little handout for my students:
Philosophy and its Sub-Disciplines
Philosophy comes from the Greek terms meaning "love of wisdom." It is concerned with questions about ultimate value: questions about reality, truth, beauty, goodness, justice, meaning. These questions are interminable: they cannot be nailed with empirical or scientific data. This is not to say that every treatment of such questions is as good as any other. Some are rich, useful, suggestive; some are arid, fantastic, tasteless. They are questions we cannot answer. But in our dilemma as human beings, I think they are questions we cannot avoid.
Metaphysics is the study of what sorts of things exist and how they are ordered, at the most general level.
(a) Ontology concerns what sorts of things there are. For example, materialism (or the idea that all things that exist are physical objects), idealism (or the idea that the only things that exist are minds and their ideas), and dualism (or the idea that there are both sorts of things) are ontological theories.
(b) Cosmology concerns how whatever exists hangs together in a system, including questions such as whether the universe has a purpose or direction. The term is used by astronomers and others to refer to the study of the origin of the universe.
Epistemology is the theory of knowledge, concerning the questions of whether we know anything, and, if so, how. Skepticism is the position that we can know nothing, either about some particular subject-matter, or quite in general. Empiricism is the position that the sole source of knowledge is sense perception. Rationalism is the position that all knowledge reflects the exercise of reason.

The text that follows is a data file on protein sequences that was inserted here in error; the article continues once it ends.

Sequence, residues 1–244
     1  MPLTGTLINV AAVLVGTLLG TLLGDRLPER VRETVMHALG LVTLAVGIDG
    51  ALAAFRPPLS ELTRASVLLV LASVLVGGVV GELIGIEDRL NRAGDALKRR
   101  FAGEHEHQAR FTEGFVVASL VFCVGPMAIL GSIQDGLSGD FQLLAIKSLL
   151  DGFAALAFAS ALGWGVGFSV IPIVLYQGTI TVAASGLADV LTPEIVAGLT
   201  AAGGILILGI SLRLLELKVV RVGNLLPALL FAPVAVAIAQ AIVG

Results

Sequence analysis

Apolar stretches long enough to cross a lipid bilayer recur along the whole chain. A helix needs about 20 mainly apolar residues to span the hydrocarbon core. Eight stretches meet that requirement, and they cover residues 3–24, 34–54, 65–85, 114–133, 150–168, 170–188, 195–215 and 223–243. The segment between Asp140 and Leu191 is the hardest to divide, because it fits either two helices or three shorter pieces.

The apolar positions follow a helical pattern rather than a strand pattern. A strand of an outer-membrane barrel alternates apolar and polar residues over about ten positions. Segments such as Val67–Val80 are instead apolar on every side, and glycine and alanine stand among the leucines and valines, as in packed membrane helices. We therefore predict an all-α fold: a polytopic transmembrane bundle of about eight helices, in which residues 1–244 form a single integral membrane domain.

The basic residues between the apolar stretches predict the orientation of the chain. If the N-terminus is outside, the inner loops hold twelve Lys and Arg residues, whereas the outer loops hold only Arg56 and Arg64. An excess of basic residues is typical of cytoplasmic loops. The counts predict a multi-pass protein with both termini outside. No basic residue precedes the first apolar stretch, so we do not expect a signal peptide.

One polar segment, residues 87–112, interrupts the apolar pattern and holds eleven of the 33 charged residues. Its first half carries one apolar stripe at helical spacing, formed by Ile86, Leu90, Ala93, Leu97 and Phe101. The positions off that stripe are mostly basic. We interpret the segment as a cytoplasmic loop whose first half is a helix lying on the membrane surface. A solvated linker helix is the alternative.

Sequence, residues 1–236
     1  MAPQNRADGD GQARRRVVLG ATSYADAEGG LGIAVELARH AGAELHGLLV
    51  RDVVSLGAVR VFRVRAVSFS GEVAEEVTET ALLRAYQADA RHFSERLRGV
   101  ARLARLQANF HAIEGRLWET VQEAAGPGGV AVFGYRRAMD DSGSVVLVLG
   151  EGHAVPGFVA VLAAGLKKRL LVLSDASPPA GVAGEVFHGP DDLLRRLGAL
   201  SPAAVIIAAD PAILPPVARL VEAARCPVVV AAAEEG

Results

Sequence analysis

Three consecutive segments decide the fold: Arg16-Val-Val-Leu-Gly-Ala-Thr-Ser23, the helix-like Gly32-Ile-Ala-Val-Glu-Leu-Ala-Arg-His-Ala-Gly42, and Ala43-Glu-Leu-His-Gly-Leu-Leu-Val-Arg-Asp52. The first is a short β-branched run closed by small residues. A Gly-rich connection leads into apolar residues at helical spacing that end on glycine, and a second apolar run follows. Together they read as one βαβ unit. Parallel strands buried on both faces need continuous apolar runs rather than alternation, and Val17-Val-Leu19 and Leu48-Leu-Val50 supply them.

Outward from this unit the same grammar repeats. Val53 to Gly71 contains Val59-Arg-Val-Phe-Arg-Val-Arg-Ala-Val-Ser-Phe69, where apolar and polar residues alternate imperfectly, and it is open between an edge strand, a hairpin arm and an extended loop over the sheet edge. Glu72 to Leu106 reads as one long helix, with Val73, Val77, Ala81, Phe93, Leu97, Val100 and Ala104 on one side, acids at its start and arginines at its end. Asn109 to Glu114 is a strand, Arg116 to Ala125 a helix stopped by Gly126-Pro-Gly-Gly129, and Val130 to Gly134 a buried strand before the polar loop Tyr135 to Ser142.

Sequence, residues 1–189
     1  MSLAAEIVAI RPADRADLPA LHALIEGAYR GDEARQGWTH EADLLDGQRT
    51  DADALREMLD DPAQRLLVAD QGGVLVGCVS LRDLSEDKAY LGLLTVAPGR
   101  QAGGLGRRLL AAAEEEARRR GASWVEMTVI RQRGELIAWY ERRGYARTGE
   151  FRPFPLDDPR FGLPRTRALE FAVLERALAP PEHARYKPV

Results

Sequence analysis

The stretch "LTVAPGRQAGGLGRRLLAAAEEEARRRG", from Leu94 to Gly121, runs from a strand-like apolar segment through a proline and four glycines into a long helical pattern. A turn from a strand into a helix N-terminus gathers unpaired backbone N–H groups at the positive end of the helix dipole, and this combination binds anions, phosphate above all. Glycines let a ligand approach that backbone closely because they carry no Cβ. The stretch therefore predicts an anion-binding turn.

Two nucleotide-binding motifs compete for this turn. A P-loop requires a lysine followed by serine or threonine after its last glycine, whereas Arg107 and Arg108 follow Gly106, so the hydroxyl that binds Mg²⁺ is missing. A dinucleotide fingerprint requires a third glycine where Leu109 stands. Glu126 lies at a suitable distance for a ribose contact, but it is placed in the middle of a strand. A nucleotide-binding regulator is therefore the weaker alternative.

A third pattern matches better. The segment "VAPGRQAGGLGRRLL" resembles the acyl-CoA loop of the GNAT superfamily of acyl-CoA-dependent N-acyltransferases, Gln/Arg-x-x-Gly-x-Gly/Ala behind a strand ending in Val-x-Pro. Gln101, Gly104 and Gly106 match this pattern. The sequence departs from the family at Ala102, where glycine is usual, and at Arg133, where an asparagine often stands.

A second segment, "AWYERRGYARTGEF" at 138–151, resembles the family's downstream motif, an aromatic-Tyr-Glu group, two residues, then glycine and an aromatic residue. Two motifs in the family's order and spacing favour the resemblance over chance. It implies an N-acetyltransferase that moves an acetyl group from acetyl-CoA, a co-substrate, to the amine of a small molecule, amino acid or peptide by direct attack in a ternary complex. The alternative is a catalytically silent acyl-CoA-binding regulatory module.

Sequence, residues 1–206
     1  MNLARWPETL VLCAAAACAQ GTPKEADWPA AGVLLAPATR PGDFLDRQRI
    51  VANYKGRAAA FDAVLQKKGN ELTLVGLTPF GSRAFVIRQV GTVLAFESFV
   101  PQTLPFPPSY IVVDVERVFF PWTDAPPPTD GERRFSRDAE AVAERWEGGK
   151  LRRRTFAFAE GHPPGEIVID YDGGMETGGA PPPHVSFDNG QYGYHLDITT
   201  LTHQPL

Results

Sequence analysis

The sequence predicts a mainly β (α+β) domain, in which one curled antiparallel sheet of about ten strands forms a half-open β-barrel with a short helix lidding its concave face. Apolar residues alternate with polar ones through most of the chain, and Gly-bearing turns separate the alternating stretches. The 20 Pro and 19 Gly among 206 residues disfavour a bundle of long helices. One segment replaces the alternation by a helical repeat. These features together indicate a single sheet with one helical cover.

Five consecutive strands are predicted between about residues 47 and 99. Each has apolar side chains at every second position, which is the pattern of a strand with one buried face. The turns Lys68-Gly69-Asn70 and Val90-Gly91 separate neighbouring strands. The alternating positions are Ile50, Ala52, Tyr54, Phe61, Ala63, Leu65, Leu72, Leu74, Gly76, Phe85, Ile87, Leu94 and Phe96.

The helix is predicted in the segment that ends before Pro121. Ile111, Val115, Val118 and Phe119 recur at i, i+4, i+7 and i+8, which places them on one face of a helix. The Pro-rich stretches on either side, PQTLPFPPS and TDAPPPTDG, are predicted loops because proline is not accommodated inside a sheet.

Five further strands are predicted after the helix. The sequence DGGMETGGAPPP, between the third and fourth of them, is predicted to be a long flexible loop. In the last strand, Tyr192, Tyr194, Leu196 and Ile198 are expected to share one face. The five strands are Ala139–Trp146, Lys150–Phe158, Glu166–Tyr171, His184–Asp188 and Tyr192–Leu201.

Logic is the study of the forms of correct reasoning, and treats questions about validity in arguments and about probability and scientific method. Deductive logic concerns reasoning by conceptual necessity, while inductive logic concerns drawing conclusions from observations. Questions concerning the relation of faith and reason are logical/epistemological questions.
Ethics concerns questions of how we ought to live and behave, of what is the good life and what is right action. Utilitarian ethical theories assess actions morally by their consequences. Deontological moral theories assess actions by the rules from which they proceed.
Political Philosophy concerns how we ought to arrange our lives together, that is, what makes a society just. It includes questions about the legitimacy and legitimate scope of state power.
Aesthetics concerns the questions of art and beauty: the nature of these things, and their source, value, and interpretation.
Philosophy has as many sub-disciplines as there are disciplines, more or less, which address the sorts of questions just spelled out with regard to various special subject-matters. These include philosophy of science, philosophy of religion, philosophy of law, philosophy of language, and so on.